Youth full movie review - Swiss hotel/spa setting for examinations of lives
The heart of Paolo Sorrentino's Youth lies in the lead composer Fred Ballinger's (Michael Caine) most famous work, Simple Songs. The queen will knight him if he conducts that number in a concert for her Prince Phillip.
Ballinger refuses because he wrote it for his famous soprano wife Melanie to perform and she's gone. Not dead, we eventually learn, but frozen into a silent scream.
Ballinger is embarrassed by his fame for that simple composition, instead of all his weightier works. Sinilarly, serious actor Jimmy Tree (Paul Dano) is regretfully best known for his heavily costumed role as a robot in some special effects trivia. By disappearing into the robot his disappeared his serious work.
The film is woven out of such paradoxes. That is, it's a stab at capturing our complex reality of life. Like Ballinger's signature piece, the film is a simple story ? a mixed bag of folks at holiday and rehab at a luxurious hotel/spa in Wiesel (i.e., "pointed") in the Swiss Alps. But everything simple is complex.
Ballinger feels that he can only relate to music and admits to having neglected his wife and daughter Lena. "You were right. Music is all I understand." But he remembers his tremors when he fell into love at first sight of Melanie. His current detachment expresses his pain rather than the apparent lack of feeling.
His buddy film director Mick Boyle (Harvey Keitel) is scripting his testament film but with his screenwriters is bogged down on the ending. In his Eureka moment he will allot the deathbed speech to the dying man's wife, not him. But the film dies when that actress Brenda Morel (Jane Fonda) pulls out of the project, their 12th together over 53 years. She first explains she needs the money from a TV series she's been offered so needs to prefer. But she goes on to declare his career dead, his last films crap, in a cruel candour all offered ? of course ? in the name of friendship. Love and hate bubble together there.
In a chillingly expressive shot, on the left side of the otherwise black screen Fonda's old, veined hand talon-like caresses the sized Kettle's cheek. That's Jane Fonda's hand!?! The film is titled Youth but, paradoxically again, it's about the old, the sere not the juicy. But here youth and age are the same telescope. Through one end it's youth looking at the future in closeup. Through the other it's the past, galloping further and further away.
With Pamela's withdrawal, Boyle knows his project is dead but determines to start another. In his last scene with Ballinger he says "You say that emotions are overrated. But that's bullshit. Emotions are all we've got." On that he strides out to the balcony and jumps to his death. Shattered in guilt, Pamela runs amok in the airplane and has to be bloodily subdued. With his gesture Boyle refuted Pamela's disrespect: "C'mon, life goes on even without that cinema bullshit." Another "simple song" here ? bitterly comic but sombre.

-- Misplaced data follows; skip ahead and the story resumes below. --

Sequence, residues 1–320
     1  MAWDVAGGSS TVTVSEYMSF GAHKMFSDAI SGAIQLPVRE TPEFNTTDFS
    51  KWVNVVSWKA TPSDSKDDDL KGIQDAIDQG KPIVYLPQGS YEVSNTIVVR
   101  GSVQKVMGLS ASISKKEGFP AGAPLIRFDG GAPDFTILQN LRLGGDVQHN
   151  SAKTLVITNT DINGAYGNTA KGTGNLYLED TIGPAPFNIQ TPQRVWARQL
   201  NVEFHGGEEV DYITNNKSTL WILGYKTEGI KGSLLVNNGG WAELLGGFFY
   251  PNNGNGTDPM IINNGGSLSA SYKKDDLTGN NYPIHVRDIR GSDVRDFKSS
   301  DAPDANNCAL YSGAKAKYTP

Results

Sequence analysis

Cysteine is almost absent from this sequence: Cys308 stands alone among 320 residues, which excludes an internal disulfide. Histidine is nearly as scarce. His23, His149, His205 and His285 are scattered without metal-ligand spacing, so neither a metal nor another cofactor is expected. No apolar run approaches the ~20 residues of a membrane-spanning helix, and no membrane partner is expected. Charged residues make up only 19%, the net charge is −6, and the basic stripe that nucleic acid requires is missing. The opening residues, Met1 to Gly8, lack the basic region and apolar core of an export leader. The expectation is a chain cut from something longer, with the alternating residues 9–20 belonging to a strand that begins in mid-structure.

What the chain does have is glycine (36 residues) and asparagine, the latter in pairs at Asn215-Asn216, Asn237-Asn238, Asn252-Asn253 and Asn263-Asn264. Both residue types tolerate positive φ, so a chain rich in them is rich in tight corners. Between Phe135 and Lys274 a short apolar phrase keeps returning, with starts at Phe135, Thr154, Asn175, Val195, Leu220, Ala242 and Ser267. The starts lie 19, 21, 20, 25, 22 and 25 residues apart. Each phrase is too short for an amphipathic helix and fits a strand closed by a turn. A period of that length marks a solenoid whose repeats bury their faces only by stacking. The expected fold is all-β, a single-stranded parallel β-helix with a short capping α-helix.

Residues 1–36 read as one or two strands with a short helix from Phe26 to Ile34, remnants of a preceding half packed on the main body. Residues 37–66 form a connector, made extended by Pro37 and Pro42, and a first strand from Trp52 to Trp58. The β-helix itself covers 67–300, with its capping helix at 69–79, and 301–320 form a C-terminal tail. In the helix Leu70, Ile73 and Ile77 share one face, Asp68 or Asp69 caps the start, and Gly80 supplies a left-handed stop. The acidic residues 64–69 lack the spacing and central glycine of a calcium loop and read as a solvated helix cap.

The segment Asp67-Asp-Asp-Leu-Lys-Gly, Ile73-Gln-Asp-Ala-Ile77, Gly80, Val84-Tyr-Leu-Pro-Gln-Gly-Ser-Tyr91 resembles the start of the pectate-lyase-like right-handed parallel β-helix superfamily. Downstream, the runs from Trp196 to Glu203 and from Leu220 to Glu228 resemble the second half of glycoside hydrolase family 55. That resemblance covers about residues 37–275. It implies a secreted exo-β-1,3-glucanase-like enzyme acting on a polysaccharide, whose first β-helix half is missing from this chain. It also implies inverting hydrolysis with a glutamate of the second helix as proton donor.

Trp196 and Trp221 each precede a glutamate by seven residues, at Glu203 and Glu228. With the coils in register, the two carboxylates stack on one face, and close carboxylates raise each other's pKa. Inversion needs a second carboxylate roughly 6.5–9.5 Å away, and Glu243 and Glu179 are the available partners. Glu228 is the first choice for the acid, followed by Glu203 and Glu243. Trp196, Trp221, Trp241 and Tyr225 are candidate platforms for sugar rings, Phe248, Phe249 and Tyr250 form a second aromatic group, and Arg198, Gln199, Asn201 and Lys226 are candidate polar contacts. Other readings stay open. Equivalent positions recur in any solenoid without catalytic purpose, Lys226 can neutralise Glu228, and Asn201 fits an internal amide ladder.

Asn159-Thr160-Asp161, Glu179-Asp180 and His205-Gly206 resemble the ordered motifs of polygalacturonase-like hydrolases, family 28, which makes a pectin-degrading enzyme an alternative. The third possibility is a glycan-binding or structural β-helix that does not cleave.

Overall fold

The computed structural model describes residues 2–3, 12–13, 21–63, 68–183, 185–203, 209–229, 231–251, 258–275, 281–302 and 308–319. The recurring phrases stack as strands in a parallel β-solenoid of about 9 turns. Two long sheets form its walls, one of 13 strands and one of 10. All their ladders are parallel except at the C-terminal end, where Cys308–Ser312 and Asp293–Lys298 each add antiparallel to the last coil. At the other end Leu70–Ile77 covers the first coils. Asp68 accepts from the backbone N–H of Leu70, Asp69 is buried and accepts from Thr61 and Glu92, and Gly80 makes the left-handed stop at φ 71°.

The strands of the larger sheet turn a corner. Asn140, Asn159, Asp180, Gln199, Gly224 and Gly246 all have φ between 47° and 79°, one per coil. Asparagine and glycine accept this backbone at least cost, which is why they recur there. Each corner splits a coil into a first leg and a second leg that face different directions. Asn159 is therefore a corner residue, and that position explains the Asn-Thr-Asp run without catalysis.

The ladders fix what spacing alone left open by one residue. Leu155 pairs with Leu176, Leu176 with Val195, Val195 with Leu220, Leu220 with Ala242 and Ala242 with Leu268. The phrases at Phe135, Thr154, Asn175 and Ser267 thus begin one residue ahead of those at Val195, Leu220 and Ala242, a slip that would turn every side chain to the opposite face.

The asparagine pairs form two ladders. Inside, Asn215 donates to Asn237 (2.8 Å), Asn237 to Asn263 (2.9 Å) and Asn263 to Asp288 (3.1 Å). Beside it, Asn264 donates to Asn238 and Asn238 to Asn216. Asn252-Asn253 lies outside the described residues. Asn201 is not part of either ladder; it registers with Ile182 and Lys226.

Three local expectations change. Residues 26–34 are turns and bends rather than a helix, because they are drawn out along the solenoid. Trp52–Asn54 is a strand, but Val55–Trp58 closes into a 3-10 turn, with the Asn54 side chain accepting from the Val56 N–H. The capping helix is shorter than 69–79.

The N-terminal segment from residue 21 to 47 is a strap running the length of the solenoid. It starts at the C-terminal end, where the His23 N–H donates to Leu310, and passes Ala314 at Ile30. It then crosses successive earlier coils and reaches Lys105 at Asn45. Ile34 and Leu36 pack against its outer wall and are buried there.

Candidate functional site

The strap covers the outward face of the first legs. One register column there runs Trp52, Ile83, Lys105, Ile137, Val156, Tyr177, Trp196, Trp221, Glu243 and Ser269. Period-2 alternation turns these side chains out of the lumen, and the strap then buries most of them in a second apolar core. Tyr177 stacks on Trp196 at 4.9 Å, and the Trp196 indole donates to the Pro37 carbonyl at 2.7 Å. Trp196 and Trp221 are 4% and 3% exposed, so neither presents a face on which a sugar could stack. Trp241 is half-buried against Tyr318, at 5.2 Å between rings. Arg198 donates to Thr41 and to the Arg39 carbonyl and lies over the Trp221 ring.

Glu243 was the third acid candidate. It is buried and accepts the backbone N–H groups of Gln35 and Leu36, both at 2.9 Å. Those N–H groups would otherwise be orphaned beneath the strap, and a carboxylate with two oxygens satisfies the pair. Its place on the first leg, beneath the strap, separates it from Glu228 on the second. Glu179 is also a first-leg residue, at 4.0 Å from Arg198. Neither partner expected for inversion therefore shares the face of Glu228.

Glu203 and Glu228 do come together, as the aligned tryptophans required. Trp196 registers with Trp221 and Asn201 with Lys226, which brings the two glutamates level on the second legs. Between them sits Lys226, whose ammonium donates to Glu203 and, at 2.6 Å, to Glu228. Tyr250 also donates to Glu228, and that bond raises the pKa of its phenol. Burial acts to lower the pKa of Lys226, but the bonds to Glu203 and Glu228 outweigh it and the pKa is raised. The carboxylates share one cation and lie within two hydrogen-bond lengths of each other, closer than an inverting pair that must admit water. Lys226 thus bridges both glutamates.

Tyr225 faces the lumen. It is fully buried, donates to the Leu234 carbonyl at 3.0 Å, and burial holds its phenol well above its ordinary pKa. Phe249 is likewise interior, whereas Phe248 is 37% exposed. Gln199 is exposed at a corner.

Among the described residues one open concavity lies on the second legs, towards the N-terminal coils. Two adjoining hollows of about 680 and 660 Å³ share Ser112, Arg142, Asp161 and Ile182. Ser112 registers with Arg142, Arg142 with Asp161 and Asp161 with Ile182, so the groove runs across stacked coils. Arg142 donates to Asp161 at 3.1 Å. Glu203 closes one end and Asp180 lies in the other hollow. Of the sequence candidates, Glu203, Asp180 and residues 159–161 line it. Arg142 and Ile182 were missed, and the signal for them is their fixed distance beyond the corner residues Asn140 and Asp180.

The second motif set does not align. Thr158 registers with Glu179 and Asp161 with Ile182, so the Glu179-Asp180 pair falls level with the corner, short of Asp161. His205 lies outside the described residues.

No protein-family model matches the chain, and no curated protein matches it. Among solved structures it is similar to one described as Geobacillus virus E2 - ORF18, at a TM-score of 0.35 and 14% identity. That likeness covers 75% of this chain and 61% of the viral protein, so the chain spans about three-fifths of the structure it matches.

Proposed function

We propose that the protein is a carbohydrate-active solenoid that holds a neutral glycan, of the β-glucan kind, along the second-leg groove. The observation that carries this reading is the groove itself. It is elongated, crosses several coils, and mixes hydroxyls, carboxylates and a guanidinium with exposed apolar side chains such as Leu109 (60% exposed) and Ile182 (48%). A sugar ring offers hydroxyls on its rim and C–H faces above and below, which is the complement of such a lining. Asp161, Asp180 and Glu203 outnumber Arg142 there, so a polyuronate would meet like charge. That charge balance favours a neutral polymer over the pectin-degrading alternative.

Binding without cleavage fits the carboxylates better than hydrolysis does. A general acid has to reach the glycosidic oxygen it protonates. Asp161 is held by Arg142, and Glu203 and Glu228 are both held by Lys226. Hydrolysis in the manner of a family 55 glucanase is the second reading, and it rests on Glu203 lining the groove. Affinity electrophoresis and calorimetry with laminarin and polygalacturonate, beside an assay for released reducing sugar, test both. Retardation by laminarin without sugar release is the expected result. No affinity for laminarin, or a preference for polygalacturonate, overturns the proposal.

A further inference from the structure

Sorrentino gives the film's last shot to the dead but beaming Boyle. That is, he gives the last silent word to Boyle's faith in emotion. When Ballinger conducts his simple masterpiece for the queen he tears up over its emotional force. Against Melanie's silent scream Ballinger proffers his musical articulation of his ardor. It speaks for as well as to everyone. As in the film's last "simple song," over the end titles, he's in full content and out of control.
So the composition that seems simple but beautiful turns out resonant and profound, especially in full orchestration. That's the funny thing about life: the simple is so complex. Conversely, as the young girl compliments Tree about one off his serious films, he taught her that the big things in life are essentially simple. Everybody doesn't have a clue what they're about ? so it doesn't matter. As Ballinger early told Boyle, "Levity is also perverse." Not here. Here the light is how we handle the heavy.
Hence too the tension between the intellect and the senses. The young masseuse speaks of the understanding that only touch can give. Ballinger is proud he never became an intellectual. The screenwriter scenes are a parody of literary creation. On the other hand, the sensually rich Miss Universe reveals an astonishing intelligence, dissolving that antithesis. When Boyle hires the plain looking young hooker just to walk with him, he seems to be buying an emotion not a sensation. When we see the girl's mother seeing her off to her "job," Sorrentino seems to encapsulate the tradition of modern Italian cinema (as embodied by Fellini). The girl carries the neorealist exploration of poverty into the contemporary spa's opulence.
Another moment of historical resonance involves Tree, who is at the spa studying the people for clues to his next role. We finally learn his character when he appears in costume, freezing all the white-clad dinners ? as Hitler. Tree pulls out off his project because "I have to choose what is really worth telling: horror or desire? And I choose desire. You, each one of you, you open my eyes, you made me see that I should not wasting my time on the senseless fear?." Mutatis mutandis, that could be Pamela's reason too. As desire trumps horror both Boyle and Ballinger nurse charged memories of a childhood attraction to the same girl, unconsummated so ever fresh in their mind.